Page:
Richard Brookhiser, National Review Online, January 12, 2015.
Harry’s great and lasting service was to rescue Abraham Lincoln from the whittlers and the minimizers. Early/mid-20th century biographers like Beveridge and Randall added to our detailed knowledge of Lincoln, but in their effort to be scientific and non-partisan, they lost sight of what was at stake in the 1850s and 60s. The Crisis of the House Divided, which Harry wrote for the centennial of the Lincoln/Douglas debates, reminded his scholarly colleagues that politics is sometimes about something; and in Lincoln’s life it was about something vitally important — the nature, and hence the future, of the United States. Imagine a white republic with a slave economy entering the imperial scramble of the late 19th century and beyond — its effect on the world, and on ourselves at home. Harry also defended Lincoln indirectly from his Communist admirers and black nationalist detractors. Lincoln was not concerned, or insufficiently concerned, with justice for the proletariat or for the black man. He was concerned with justice.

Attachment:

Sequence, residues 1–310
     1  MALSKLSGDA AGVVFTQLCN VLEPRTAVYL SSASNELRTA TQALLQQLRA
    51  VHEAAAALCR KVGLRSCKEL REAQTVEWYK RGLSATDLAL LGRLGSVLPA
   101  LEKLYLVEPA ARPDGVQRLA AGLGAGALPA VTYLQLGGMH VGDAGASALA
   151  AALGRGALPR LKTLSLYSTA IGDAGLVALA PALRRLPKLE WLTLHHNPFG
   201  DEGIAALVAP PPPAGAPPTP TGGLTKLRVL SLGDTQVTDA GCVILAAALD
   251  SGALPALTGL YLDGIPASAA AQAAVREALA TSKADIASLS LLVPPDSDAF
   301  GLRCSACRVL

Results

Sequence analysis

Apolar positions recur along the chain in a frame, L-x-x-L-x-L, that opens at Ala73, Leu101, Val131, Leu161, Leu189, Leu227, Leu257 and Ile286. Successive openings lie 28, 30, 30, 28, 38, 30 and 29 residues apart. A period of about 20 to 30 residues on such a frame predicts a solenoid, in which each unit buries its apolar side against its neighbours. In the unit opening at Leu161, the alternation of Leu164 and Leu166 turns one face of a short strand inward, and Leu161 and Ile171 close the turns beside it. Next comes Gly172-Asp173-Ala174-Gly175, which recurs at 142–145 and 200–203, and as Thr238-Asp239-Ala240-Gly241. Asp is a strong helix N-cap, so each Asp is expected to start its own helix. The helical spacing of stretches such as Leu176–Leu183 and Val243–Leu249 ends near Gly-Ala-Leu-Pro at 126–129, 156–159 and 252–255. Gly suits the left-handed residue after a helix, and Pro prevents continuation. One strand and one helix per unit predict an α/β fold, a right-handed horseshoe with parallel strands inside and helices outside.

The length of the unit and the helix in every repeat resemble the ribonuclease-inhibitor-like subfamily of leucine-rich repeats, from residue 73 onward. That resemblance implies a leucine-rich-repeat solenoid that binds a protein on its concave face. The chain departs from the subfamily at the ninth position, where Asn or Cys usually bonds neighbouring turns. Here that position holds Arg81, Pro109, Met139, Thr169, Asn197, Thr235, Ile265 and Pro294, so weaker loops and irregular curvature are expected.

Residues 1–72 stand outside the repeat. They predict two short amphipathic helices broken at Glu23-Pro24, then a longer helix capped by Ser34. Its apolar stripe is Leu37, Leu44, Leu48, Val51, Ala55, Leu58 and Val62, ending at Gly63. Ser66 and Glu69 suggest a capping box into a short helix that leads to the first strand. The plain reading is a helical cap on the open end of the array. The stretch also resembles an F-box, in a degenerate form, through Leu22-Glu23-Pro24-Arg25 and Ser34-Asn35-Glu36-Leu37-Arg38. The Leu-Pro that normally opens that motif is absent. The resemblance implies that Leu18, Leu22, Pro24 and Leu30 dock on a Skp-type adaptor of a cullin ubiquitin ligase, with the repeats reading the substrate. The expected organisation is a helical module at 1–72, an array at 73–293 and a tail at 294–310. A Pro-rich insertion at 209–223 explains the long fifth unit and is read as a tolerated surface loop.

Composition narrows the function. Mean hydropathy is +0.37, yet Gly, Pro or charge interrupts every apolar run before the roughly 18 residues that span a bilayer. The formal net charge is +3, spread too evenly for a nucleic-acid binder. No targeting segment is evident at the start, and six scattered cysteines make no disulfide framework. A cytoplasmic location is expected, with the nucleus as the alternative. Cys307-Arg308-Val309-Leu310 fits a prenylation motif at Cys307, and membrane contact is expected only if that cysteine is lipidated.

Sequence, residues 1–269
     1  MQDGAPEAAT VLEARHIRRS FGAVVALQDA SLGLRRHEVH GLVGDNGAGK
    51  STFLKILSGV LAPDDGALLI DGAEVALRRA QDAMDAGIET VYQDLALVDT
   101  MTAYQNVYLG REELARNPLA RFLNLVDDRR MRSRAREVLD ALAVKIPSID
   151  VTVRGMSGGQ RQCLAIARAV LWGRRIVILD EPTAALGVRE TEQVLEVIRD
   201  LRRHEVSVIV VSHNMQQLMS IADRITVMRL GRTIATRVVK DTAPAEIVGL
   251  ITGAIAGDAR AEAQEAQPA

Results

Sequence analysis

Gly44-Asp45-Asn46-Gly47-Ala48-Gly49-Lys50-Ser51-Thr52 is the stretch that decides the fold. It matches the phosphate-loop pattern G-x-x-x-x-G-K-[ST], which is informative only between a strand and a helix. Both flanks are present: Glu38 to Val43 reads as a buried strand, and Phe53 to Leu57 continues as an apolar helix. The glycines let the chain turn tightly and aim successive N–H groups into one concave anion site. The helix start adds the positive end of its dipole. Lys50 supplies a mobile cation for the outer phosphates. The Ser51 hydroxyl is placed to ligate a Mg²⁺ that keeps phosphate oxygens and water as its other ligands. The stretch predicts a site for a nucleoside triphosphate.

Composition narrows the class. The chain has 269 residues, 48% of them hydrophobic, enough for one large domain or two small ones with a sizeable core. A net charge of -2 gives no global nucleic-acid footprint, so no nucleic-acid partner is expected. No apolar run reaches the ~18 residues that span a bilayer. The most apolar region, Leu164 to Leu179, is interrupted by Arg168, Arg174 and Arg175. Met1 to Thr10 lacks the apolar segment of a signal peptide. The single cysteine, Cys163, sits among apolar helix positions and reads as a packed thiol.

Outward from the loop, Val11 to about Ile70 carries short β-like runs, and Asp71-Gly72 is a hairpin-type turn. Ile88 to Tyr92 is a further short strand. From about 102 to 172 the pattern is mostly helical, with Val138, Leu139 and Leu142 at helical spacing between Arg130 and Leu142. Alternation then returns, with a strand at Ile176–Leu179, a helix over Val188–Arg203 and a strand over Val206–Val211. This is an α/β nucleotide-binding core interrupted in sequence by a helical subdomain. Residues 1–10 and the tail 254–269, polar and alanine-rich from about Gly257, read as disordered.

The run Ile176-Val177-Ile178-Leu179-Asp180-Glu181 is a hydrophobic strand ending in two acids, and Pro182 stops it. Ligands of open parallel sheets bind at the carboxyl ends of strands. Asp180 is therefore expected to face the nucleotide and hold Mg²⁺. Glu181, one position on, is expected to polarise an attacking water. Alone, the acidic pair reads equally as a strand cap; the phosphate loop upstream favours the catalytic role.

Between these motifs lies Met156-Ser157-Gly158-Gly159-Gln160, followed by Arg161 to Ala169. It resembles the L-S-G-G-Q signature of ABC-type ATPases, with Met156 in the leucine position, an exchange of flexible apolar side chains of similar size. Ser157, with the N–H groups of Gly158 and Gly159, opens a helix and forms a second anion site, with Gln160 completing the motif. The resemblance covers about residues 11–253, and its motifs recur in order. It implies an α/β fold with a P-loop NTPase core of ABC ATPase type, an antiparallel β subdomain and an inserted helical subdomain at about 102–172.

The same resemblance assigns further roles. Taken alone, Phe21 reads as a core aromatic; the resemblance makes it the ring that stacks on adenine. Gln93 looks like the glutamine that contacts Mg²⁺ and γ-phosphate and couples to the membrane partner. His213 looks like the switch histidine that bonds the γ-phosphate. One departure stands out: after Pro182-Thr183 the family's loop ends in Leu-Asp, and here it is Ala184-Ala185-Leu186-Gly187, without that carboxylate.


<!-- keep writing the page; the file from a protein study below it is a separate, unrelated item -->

National Review Online